Carlos Sirah MFA’17 took the stage in a workshop-style performance of his play, “The Light Body,” Sunday night in the final installment of the theatre and performance studies department’s annual Writing is Live event.
Designed to showcase and explore the work of first- and second-year students in the MFA playwriting program, Writing is Live is “a way for people interested in new writing for performance across Providence to come together for the weekend,” said Paul Margrave ’14, publicity and box office coordinator.
“The Light Body,” written by Sirah and directed by Mauricio Salgado MFA’18, follows Noah, played by Victor Terry, as he struggles to re-adjust to life at home after serving in the Iraq War.
Noah and his partner Micah, played by Ronald Lewis, communicate with each other and with the audience through letters, religious ceremonies, music, memories and dialogue.
“Most of us do not interact with black, queer veterans,” Salgado said. As the director, he worked with Sirah to “bridge the gap between the story and the audience,” he added.
“(Sirah) and I have a similar ethos, a similar desire to be creating work that encourages the audience to take it with them beyond the performance,” Salgado said.
Noah is followed throughout the story by Shu, played by Sirah himself. Named after Eshu — the god of mischief and crossroads in African mythology — Shu embodies Noah’s conscience, haunting him with thoughts of violence and memories of war.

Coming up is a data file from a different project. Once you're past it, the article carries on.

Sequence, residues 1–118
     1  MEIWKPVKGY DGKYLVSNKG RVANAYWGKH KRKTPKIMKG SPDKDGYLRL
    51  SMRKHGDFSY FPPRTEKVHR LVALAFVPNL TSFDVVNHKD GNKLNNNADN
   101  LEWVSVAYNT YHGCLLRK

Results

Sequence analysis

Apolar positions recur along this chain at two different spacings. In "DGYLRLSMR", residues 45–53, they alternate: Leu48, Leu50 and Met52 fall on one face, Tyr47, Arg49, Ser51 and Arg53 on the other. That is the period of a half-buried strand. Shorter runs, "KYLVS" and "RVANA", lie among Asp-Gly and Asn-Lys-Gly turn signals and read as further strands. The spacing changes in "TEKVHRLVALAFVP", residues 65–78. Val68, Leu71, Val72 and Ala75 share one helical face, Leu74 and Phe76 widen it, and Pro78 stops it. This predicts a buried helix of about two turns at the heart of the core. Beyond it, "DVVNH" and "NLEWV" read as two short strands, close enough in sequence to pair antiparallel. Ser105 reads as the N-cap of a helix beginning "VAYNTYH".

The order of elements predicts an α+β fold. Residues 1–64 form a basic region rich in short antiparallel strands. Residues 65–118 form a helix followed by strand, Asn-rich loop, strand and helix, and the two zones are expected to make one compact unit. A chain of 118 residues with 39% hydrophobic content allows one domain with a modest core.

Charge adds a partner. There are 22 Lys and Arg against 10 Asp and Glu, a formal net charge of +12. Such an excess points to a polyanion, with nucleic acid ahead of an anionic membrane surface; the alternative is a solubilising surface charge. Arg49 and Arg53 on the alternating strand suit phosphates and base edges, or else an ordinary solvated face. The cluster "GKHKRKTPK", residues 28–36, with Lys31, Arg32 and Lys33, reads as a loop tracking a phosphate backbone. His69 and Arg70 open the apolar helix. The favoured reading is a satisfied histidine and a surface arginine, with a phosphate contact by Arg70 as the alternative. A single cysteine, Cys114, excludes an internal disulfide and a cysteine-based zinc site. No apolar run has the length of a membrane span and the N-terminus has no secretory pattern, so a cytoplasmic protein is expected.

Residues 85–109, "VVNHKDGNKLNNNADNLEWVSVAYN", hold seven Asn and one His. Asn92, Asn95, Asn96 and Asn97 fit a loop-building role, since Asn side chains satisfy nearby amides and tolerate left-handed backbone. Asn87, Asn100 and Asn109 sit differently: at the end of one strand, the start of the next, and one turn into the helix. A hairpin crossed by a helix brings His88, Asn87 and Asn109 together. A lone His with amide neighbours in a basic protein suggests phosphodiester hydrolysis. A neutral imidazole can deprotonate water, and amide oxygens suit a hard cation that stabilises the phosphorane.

“Some people thought it was his devil,” Salgado said.
Of the four characters in “The Light Body,” Shu was the only one played by a University student, while the majority of the actors were members of the Providence community.
Sirah “had to experiment with finding” the actors, said Erik Ehn, TAPS professor. “Part of his mission as a writer is to form communities.”
Rick Burkhardt MFA’16 has watched “The Light Body” evolve from its inception. “We went on a silent writing retreat last May, and that’s when he started writing this,” Burkhardt said.
Following the performance, Sirah and Burkhardt opened the floor for comments from the audience.
“Some writers are very shy about feedback, but these writers are really game,” Ehn said. “A culture of communication has evolved in the program through the people we have accepted.”
While Sirah is a second-year MFA student, first-year students also saw their work performed as readings over the weekend. These readings allowed each writer to “find out what ingredients are in the piece” beyond the words on the page, said Beth Nixon MFA’18.
The weekend included two readings of Nixon’s play “Vector.” that helped her understand “what the play is,” she said.
With both readings and workshop-style performances, the annual event aims “to give writers a sense of their work beyond the theoretical and to provide them with self-awareness through an encounter with the classical mirror of the audience,” Ehn said.
The program’s third-year students will have their works performed as full-fledged plays in May.